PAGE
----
In 1910, he ran into Jeff Hanley, a reporter who had covered his mugging incident; Hanley was impressed by Mundy's tales of India and Africa, and lent him a typewriter, suggesting that he write some of his stories down for potential publication.[53] Mundy did so, and published his first short story, "A Transaction in Diamonds", in the February 1911 issue of Frank Munsey's magazine, The Scrap Book.[53] His second publication was a non-fiction article, "Pig-sticking in India", which appeared in the April issue of a new pulp magazine, Adventure, which specialised in adventure fiction.[48] Although he and Adventure's editor Arthur Sullivant Hoffman did not initially like each other,[54] Mundy continued writing for the magazine, as well as for The Scrap Book, Argosy, and Cavalier.[55] In 1912, Mundy published sixteen short stories and four articles in Adventure, seven of which were under the name "Walter Galt".[56] Biographer Brian Taves suggested that these early short stories are notable "not so much for themselves as for how much they diverged from his later oeuvre", for instance dealing with subjects like boxing that are absent from his later work.[57] In 1912, Adventure had also established The Adventurer's Club, of which Mundy became a chartered member.[58]

The February 1912 issue of Adventure, where Mundy's "The Soul of a Regiment" first appeared. According to Taves, it was Mundy's first magazine story "to mark him as a writer to watch and to merit a cover illustration."[59]

Mundy's story "The Soul of a Regiment" attracted particular praise and critical attention. Revolving around an Egyptian regiment who are taught to play music by their English Sergeant-Instructor in the buildup to the Somaliland Campaign, it was initially published by Adventure in February 1912, before becoming the first of Mundy's publications to be republished in Britain, appearing in the March 1912 issue of George Newnes' The Grand Magazine.[60] Soon he would see his short stories published in a range of British publications, including The Strand Magazine, London Magazine, and Cassell's Magazine of Fiction as well as The Grand.[58] 1912 also saw two cinematic adaptations of his short stories, For Valour and The Fire Cop – produced by the Edison Company and Selig Polyscope Company respectively – with both being fairly faithful to his original stories.[61]

In June 1912, Inez sued for divorce on the grounds of Mundy's adultery; he did not challenge the accusation and the divorce was confirmed in October. As part of the divorce settlement, Mundy was forced to pay $20 a week alimony to Inez for the rest of her life.[62] Mundy moved into an apartment in Greenwich Village, which for a short time he shared with Hoffman's assistant Sinclair Lewis.[63] At this point he met the Kentucky-born portrait painter Harriette Rosemary Strafer, and after she agreed to marry him they wed in Stamford, Connecticut in August 1913.[64] Strafer had been a practitioner of a Christian new religious movement, Christian Science, since 1904, and encouraged her new husband to take an interest in the faith; studying the writings of its founder, Mary Baker Eddy, he converted to it in 1914.[65] The couple then moved to the town of Norway in Maine, where Mundy's friend Hugh Pendexter was already resident.[66] He involved himself in the activities of his new home, becoming chairman of the local agricultural committee and joining the Norway Committee on Public Safety.[67] Following the outbreak of World War I, in which Britain went to war against Germany, Mundy sought to attain U.S. citizenship; applying in November 1914, his request was approved in March 1917.[68]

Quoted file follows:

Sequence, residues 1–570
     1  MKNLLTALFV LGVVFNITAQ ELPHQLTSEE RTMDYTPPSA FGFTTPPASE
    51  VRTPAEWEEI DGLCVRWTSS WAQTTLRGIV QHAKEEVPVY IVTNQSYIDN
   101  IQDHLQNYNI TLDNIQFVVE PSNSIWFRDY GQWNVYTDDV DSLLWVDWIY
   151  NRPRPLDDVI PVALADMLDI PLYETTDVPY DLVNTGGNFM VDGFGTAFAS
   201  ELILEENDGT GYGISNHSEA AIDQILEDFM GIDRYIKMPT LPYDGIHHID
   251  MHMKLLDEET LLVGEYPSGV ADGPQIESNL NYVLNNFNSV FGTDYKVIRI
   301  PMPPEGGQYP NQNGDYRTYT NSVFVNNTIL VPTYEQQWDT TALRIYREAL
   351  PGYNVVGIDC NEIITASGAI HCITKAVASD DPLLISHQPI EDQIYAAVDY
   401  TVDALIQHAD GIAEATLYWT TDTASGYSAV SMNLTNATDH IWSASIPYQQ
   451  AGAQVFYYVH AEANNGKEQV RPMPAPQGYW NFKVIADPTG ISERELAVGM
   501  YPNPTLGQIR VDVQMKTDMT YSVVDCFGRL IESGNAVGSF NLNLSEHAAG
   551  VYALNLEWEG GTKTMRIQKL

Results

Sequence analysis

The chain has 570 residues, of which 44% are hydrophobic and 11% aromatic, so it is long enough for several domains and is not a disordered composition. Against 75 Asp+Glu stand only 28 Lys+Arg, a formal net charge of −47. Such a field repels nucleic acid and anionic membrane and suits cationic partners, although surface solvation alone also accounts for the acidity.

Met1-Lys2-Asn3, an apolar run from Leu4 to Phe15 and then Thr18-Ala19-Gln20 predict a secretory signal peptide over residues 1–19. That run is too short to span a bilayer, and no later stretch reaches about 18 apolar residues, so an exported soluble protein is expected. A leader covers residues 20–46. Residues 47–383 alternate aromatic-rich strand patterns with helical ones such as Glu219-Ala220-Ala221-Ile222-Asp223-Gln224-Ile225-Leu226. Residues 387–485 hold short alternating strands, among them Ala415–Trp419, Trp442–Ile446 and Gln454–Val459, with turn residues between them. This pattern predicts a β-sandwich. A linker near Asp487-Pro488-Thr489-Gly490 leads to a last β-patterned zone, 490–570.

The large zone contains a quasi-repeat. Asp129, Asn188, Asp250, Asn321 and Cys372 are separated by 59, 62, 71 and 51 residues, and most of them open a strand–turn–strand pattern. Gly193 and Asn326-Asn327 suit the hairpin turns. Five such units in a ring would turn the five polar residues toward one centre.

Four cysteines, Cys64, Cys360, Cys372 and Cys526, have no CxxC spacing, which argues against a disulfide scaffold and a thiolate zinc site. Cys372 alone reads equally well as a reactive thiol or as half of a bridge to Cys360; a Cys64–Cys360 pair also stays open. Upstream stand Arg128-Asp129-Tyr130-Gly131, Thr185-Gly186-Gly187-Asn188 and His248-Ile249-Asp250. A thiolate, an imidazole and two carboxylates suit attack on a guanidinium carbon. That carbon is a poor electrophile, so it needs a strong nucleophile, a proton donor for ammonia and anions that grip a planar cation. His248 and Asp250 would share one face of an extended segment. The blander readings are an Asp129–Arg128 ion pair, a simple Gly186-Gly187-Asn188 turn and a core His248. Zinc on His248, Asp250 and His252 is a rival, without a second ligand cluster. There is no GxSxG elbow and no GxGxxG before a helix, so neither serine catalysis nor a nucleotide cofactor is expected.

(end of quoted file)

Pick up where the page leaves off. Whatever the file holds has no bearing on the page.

In Norway, Mundy authored his first novel, For the Peace of India, which was set during the Indian Rebellion of 1857. It was serialised in Adventure under the altered title of Rung Ho! before being published by Charles Scribner in the U.S., and Cassells in the U.K. Critically well received, the book sold well.[69] In August 1914, Adventure published "The Sword of Iskander", the first of Mundy's eight novelettes revolving around the character of Dick Anthony of Arran, a Scotsman battling the Russians in Iran, which ran until March 1915.[70] It was in his January 1914 short story "A Soldier and a Gentleman" that he introduced the character of Yasmini, a young Hindu woman who would reappear in many of his later stories.[71] He then began work on a second novel, The Winds of the World, which told the story of a Sikh officer, Risaldar-Major Ranjoor Singh, who sets out to expose a German spy who is attempting to foment an uprising in British India; during the course of the story he introduced Yasmini as a character. Serialised in Adventure from July to September 1915, it was then published in Britain by Cassell; when Scribner declined to publish it, Mundy acquired a literary agent, Paul Reynolds.[72] Upon publication, it received good reviews.[73]

King of the Khyber Rifles: 1916–18[edit]

"I remember sitting in the dark and seeing the throat of the Khyber Pass at sunset - gloomy, ominous, mysterious, lonely, haunted by the ghosts of murdered men and by the prowling outlaws who live by the rifle and shun the daylight. As if the word were almost spoken in my ear I heard "Death roosts in the Khyber while he preens his wings." It seemed like a good line, so I made a note of it."

— Talbot Mundy, on how he started King of the Khyber Rifles.[74]

Mundy authored comparatively few short stories in 1916 as he focused on his third novel, King of the Khyber Rifles, which told the story of Captain Athelstan King of the British India Secret Service and his attempt to prevent a German-backed jihad break out against the British administration in the North-West Frontier. Again, it featured Yasmini as a core character.[75] The novel was serialised in Everybody's from May 1916 to January 1917, accompanied by illustrations by Joseph Clement Coll, a man whom Mundy praised, declaring that "there never was a better illustrator in the history of the world!".[76] The novel was then published by U.S.-based Bobbs-Merrill in November 1916 and by U.K.-based Constable in January 1917; it received critical acclaim, with critics comparing it to the work of Kipling and H. Rider Haggard.[77]